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I just loved Emma Gannon’s new book – (Dis)connected: How to Stay Human in an Online World. It speaks to many of the values that we hold here at Swallowtail Hill. 

Emma takes a very considered look at where we began in this digital age with all the benefits and the excitement it brought – and where it has led us now. She recognises all the positives that the internet has afforded us but questions if we are at a point where we need to take a more mindful approach to how we live our lives online in order to preserve our sense of self, our wellbeing and our humanity; “Social media can make us feel connected but only when we are being truly conscious with how we use it.”

Emma looks at how limited and brittle conversations have become online and how, with that, our propensity to misunderstand and misconstrue has grown. The very connection we have sought now risked by intolerance and impatience because we’ve rapidly forgotten that conversations via technology don’t afford us nuance. We are forgetting how to really be present and actively listen.

The book takes a hard look at how much performing we do online – rather than embracing who we really are and sharing that in a meaningful way. How sucked into the online noise and trends we become in our bid to fit in, rather than questioning our genuine opinions and taking time to consider other viewpoints. 

Emma talks too about how contactable we all are now. The pressure to respond to texts, messages and emails is relentless and energy sapping. We forget the value of downtime for our wellbeing, and overlook the fact that endless texts and WhatsApps are no substitute  for more meaningful interactions with people we care about.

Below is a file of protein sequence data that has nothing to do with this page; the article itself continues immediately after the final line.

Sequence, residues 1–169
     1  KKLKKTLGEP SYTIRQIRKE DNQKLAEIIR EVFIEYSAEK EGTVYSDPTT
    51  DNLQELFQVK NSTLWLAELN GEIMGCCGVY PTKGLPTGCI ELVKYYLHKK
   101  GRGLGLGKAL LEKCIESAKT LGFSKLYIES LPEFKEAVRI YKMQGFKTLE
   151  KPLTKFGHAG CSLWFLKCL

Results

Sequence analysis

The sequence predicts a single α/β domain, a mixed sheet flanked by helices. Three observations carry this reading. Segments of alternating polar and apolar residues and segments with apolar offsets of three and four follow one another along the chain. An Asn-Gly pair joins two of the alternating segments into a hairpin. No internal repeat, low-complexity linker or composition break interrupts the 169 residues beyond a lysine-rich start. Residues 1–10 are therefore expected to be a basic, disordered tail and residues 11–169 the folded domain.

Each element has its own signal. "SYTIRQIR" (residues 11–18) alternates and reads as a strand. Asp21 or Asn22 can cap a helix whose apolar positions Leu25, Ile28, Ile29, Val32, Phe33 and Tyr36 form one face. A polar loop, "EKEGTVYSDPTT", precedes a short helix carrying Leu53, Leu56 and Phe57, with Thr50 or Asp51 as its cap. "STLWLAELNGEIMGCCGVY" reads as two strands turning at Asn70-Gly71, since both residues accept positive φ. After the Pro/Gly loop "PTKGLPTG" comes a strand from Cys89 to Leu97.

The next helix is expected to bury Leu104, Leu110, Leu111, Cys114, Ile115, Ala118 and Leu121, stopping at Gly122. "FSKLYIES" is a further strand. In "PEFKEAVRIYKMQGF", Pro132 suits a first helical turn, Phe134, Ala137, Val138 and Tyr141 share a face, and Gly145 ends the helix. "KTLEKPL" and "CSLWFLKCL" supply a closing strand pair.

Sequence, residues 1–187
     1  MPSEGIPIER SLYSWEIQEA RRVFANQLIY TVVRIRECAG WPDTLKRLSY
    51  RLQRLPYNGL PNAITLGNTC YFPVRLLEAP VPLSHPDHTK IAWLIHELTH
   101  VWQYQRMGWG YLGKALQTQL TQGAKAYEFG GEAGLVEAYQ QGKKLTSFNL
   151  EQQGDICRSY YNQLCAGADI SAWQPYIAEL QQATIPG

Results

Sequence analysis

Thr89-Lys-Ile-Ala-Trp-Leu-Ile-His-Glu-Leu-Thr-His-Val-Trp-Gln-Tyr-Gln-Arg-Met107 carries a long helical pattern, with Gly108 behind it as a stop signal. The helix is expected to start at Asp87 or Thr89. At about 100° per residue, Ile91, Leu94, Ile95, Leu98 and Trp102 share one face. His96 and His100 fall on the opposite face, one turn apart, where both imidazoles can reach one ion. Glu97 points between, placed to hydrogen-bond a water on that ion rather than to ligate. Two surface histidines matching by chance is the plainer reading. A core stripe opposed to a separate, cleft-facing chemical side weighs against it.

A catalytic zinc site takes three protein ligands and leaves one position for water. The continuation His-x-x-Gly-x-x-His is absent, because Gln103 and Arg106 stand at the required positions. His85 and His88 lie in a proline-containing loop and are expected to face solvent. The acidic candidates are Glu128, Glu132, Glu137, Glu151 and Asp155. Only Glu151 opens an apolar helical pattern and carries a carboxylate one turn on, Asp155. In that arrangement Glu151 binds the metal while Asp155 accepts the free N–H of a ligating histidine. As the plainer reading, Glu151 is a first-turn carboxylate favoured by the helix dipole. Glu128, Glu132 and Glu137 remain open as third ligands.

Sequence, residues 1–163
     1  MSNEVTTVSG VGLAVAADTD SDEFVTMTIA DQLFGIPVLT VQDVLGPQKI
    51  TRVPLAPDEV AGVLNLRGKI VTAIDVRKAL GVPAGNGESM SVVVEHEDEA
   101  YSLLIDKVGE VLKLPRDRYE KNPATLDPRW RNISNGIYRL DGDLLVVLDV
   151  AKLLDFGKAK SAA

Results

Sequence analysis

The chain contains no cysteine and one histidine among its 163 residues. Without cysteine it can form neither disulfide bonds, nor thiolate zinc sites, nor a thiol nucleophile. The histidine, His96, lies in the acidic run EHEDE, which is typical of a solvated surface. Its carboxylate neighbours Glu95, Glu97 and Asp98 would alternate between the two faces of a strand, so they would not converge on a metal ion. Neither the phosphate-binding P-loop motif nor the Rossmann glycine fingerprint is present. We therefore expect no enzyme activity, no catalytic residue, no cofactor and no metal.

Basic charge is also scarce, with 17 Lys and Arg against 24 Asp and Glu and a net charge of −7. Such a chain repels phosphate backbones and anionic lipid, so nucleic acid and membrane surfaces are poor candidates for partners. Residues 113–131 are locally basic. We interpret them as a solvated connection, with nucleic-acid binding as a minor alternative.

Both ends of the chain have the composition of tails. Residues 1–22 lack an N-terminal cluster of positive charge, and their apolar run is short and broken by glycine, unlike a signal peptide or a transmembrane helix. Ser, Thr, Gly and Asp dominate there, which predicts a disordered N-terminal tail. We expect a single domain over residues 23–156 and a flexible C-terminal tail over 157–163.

The irony is never lost on me that I take advantage of social media to spread the word about Swallowtail Hill yet it’s a place where there is no wifi, limited phone reception, where we actively encourage you to unplug from life, slowdown and reconnect with yourself, your loved ones and the big outdoors. It’s a difficult line between the two. But this, in part is the point of Emma’s message. We can find likeminded people, and learn from those who aren’t likeminded, have interesting conversations, discover new things, show support for causes we care about, amplify voices that need to be heard all through a considered use of social media – but not at the expense of exploring those same things with our full and present attention ‘in real life’ when we’re offline. 

Check out Emma’s website for more, or find the book here.

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